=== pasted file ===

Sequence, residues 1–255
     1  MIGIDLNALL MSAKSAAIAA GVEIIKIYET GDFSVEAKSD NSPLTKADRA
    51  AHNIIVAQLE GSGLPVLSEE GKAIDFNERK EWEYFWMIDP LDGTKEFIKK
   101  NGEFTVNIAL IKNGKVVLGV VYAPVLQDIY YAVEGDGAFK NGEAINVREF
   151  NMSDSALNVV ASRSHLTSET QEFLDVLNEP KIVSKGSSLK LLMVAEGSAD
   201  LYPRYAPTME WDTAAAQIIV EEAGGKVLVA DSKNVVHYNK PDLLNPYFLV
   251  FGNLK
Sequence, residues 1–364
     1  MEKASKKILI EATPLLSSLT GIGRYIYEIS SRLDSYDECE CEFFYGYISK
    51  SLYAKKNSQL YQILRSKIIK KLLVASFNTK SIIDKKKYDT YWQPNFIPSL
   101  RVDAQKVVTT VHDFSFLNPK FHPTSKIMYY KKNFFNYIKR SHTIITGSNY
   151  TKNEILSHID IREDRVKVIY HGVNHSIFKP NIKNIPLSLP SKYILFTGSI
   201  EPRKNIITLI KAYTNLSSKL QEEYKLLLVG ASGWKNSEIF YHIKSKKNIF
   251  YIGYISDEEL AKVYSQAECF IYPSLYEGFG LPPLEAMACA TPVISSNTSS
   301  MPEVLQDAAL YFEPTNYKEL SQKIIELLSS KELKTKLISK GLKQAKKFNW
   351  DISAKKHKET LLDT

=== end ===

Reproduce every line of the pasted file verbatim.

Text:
Sequence, residues 1–255
     1  MIGIDLNALL MSAKSAAIAA GVEIIKIYET GDFSVEAKSD NSPLTKADRA
    51  AHNIIVAQLE GSGLPVLSEE GKAIDFNERK EWEYFWMIDP LDGTKEFIKK
   101  NGEFTVNIAL IKNGKVVLGV VYAPVLQDIY YAVEGDGAFK NGEAINVREF
   151  NMSDSALNVV ASRSHLTSET QEFLDVLNEP KIVSKGSSLK LLMVAEGSAD
   201  LYPRYAPTME WDTAAAQIIV EEAGGKVLVA DSKNVVHYNK PDLLNPYFLV
   251  FGNLK
Sequence, residues 1–364
     1  MEKASKKILI EATPLLSSLT GIGRYIYEIS SRLDSYDECE CEFFYGYISK
    51  SLYAKKNSQL YQILRSKIIK KLLVASFNTK SIIDKKKYDT YWQPNFIPSL
   101  RVDAQKVVTT VHDFSFLNPK FHPTSKIMYY KKNFFNYIKR SHTIITGSNY
   151  TKNEILSHID IREDRVKVIY HGVNHSIFKP NIKNIPLSLP SKYILFTGSI
   201  EPRKNIITLI KAYTNLSSKL QEEYKLLLVG ASGWKNSEIF YHIKSKKNIF
   251  YIGYISDEEL AKVYSQAECF IYPSLYEGFG LPPLEAMACA TPVISSNTSS
   301  MPEVLQDAAL YFEPTNYKEL SQKIIELLSS KELKTKLISK GLKQAKKFNW
   351  DISAKKHKET LLDT